Interview: Tef Poe on War Machine, His Fantastic New Album
Tef Poe's War Machine is a nineteen-track tour de force. The Force member's musical versatility has always been his calling card, and so it's not surprise that Machine embraces diversity and defies pigeonholing. Genre-wise, it touches on warm R&B, ominous hip-hop, celebratory club bangers and futuristic synth-rap. Emotionally, it's a roller-coaster -- songs are menacing, lighthearted, vulnerable, tough, serious and even fun.
courtesy of Tef Poe
Machine's nineteen tracks feature plenty of familiar names in terms of performance (Theresa Payne, Rockwell Knuckles, Tereasjenee, Vandalyzm, Erick Richardson, Family Affair) and production (Tech Supreme, Basement Beats). That Tef successfully fuses these diffuse genres and collaborators is a testament to his talents. War Machine is available for free right here; below, Tef took the time to answer some questions about his latest endeavor.
Annie Zaleski: You're known as an artist who dabbles in varied styles and genres, but War Machine brings this to new levels, I think. (Ha.) What was your aim with the album?
Tef Poe: I come from the battle-rap circuit so the metaphors, punchlines and the battle-rap-driven records are my forte, but I like girls and I got sick of performing for crowds of mostly male only audiences. When I made my second solo album, The Redeemer, I determined I wasn't going to have that problem again, so I started making records in that vein and being more honest with myself about my influences. I love the backpack, true-school hip-hop scene, but I tend to have a more enjoyable time at the clubs you typically wouldn't expect to see people like Tef Poe to appear.
I have a pet peeve with people that are artists but refuse to make music that reflects their own musical taste. A good example would be a person that says, "Yeah my favorite rappers are T.I. and Rick Ross, that's all I listen to," but when you play their music, you would assume they only listened to Mos Def or Wu Tang. We live in a generation were the art form of dance has returned, so we as musicians must make music for the dancers to enjoy. I've learned to dabble in both worlds and stay true to myself at the same time with this album. It was truly a gamble, but the overwhelming amounts of positive response War Machine received has influenced me to take even greater creative risks.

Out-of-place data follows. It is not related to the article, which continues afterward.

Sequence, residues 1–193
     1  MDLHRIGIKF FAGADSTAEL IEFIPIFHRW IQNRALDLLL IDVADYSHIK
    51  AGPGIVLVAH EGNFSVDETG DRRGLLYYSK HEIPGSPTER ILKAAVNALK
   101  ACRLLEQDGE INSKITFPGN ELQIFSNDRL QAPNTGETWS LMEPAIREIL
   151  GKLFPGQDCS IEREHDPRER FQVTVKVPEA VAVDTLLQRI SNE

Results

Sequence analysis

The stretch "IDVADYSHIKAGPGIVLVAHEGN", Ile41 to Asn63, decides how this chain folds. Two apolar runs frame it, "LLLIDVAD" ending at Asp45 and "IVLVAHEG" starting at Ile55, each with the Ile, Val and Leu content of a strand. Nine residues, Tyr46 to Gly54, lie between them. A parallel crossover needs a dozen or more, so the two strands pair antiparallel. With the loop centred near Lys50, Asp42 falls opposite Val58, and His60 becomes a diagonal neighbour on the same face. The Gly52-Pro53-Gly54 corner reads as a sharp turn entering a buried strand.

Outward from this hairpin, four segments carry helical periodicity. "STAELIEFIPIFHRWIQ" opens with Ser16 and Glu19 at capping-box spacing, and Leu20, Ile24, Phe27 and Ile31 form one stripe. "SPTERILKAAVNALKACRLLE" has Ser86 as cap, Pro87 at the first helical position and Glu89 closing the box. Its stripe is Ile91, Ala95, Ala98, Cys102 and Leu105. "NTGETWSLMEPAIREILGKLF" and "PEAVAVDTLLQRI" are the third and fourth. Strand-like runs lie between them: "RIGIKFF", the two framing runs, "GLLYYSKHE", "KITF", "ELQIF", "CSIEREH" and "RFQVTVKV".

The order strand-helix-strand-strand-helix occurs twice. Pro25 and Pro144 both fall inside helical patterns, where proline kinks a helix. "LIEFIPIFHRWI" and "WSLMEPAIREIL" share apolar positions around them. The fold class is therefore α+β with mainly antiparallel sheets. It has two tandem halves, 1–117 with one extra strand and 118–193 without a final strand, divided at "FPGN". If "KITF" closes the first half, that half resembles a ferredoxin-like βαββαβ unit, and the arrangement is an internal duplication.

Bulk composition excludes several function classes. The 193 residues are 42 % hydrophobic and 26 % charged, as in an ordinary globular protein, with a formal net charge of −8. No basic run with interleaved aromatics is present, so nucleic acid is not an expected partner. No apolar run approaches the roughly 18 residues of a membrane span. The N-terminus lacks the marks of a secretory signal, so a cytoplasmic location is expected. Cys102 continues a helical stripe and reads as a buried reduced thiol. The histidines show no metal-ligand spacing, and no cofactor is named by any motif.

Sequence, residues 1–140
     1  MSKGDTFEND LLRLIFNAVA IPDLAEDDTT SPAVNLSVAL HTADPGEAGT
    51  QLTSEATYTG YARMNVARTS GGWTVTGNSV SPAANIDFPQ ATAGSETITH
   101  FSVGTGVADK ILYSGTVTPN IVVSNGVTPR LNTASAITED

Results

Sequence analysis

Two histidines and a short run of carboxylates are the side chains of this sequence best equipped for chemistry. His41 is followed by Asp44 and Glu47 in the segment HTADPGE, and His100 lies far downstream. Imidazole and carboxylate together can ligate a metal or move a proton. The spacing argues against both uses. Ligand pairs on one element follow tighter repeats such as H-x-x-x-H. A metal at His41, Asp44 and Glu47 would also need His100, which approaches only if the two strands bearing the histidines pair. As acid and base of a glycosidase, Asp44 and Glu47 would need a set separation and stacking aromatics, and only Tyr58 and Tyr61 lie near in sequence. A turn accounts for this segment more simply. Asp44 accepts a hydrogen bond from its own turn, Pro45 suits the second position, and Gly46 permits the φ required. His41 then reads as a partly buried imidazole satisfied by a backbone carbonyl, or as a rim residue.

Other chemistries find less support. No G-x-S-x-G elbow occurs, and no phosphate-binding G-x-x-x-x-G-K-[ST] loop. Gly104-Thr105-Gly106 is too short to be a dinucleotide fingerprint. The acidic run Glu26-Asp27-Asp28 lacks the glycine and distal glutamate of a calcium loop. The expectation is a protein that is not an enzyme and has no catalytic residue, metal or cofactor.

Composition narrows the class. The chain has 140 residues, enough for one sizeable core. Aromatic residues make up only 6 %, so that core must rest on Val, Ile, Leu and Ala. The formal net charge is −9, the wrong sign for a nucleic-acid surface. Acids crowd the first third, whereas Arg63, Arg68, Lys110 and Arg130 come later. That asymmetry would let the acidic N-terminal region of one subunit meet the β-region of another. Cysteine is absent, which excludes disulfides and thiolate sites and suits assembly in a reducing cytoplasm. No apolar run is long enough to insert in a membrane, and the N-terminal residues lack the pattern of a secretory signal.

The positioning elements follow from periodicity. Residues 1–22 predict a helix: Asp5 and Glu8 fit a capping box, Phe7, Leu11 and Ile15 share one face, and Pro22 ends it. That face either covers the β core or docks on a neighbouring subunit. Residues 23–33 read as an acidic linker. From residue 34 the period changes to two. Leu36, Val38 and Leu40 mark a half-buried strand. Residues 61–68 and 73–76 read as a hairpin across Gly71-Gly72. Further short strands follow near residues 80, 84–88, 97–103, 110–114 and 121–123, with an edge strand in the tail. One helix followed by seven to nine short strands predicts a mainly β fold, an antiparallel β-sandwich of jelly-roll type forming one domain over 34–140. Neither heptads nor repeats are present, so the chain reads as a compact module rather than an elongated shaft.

What's the meaning/story behind the album's title, War Machine? What does it mean to you?
Well, the exact meaning behind this title has changed so much over the process of creating this body of music that it's often difficult for me to answer this question. It seems to be the most-asked question about the album whenever I do an interview.
There are probably three different versions of this album floating around in Tech [Supreme]'s computer. I originally wanted to make a album that would counterattack a few of the naysayers that we attracted due to last year's success.
Tef Poe, "Showstealers"
I felt like I was getting attacked from so many different angles due to the runaway success of my single "Showstealers." I was dealing with a lot of personal issues concerning my self-esteem as an artist after we released Money Never Sleeps. I had finally reached a few goals I previously thought were impossible to reach. I had no idea how easily greater achievements can bring more problems and the stress levels it can create. I felt like a victim, and War Machine was my way of fighting back. The album itself is basically about taking all challenges and flipping them to your own advantage. I wanted War Machine to be more aggressive than my previous albums but I didn't want the dominating theme to be fueled by my anger and insecurities.
The producers you worked with on the album are impressive - especially Basement Beats, Urban Legendz, InHouse Prod. What did you like about the style/music that each of these teams brought to the album?
First off shout out to Black Spade and Nodzilla a.k.a. DJ Needles -- I broke one of my pet peeve rules and put this project out without production from either one of them being featured on it. Tech Supreme comes to the table as not only a producer but also co-writer on a few records. He plays Quincy Jones to my attempt to be Will Smith or Michael Jackson. [Laughs] It was his idea to dumb down the hook on last year's smash record "Showstealers." He also wrote and arranged the chorus and vocals for "Crazy" alongside with producing the actual instrumental. He's my go-to guy for bouncing ideas and brainstorming new things I desire to do.
I've been cordial with Koko from Basement Beats for a very long time. I have a huge amount of respect for the body of work he has produced and the names attached to his resume are legendary. He's worked with people I consider to be some of most genius pop/hip hop artists of our time. I remember sitting at home watching the video with "Shake Ya Tail Feather" -- seeing Nelly, P.Diddy and Murphy Lee on screen together made me feel proud of my city. I found out the guy that produced the record was from here also, and I thought was even more amazing. I'm unsigned and he's a Grammy-nominated producer.